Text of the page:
Intros. 136-A and 146-A would require that any dogs and cats sold at city pet shops are spayed/neutered and microchipped and all dogs are licensed prior to sale. Spaying and neutering animals sold in pet shops is critical to reducing pet homelessness; microchipping is essential to reuniting lost pets with owners; and licensing not only helps ensure the safety of pets and the public, but also generates much-needed revenue for the New York City’s shelter system.
If passed, these measures would take effect on June 1, 2015.
For a one-year-old Shih Tzu named Cosita, life wasn’t always easy. Purchased from a pet store and then neglected for nearly a year, Cosita was suffering from a number of physical and emotional ailments by the time she was rescued by the ASPCA. But despite it all, this petite pup had a lot of love to give—and fortunately, she found the perfect person to give it to. Here is Cosita’s Happy Tail.
Cosita was born in July 2013. As a young puppy, she was sold to a pet store where she was purchased by her first owner; it is likely that she came from a puppy mill. In her first year of life, Cosita was neglected so severely that her fur became matted and she developed a serious skin disease. She was scared, frightened and lonely until the ASPCA rescued her in July 2014.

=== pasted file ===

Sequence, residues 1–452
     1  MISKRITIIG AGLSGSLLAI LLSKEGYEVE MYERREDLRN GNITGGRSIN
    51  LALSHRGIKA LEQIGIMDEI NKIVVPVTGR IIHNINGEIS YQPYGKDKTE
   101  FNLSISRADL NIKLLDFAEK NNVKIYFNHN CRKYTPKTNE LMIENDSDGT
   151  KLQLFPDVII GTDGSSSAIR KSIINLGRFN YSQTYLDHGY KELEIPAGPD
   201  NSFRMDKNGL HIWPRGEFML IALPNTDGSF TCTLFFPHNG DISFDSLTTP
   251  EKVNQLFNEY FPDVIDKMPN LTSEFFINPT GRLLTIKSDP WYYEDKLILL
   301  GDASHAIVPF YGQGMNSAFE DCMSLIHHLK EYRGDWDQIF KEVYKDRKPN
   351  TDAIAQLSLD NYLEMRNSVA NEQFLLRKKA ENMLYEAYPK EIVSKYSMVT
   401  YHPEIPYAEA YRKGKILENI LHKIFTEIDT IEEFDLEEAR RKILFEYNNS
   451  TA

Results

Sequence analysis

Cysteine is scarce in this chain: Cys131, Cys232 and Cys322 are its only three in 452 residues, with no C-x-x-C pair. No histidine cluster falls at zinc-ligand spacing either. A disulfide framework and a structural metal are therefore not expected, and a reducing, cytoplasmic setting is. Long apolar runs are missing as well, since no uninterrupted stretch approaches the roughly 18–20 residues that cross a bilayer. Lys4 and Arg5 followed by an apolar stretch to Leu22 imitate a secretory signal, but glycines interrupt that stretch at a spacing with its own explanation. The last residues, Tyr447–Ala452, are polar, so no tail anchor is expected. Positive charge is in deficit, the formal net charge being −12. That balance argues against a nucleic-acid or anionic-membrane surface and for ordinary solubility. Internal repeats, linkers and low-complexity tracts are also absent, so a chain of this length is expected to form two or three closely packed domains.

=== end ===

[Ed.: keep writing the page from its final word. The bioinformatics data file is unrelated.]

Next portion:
At the ASPCA Animal Hospital, Cosita needed several surgeries to repair her wounded skin tissue, including the partial amputation of her tail. In addition, an untreated eye condition called KCS left her with deficient tear production and chronic dry eyes. To alleviate her discomfort, she was put on a daily regimen of prescription eye drops.
Because of all she had been through, Cosita displayed some fear around new people. She didn’t like to be touched on certain parts of her body, and she growled at strangers. But the 7-pound pooch’s problems weren’t enough to hide her sweet heart, and adopter Adam G. was determined to earn her trust.
Adam met Cosita at the end of August, nearly two months after her arrival at the ASPCA. A lifelong animal lover, he had come to the Adoption Center seeking “a partner in crime to take care of and spend time with every day.” Rather than being intimidated by Cosita’s issues, he saw them as something that could bring them together. “I knew she was for me because we both have allergies, a noticeable scar, and she looked like a curious friendly clown when I saw her for the first time, tilting her head side to side,” he recalls. He adopted her the same day he met her and vowed to give her the happy life she so clearly deserved.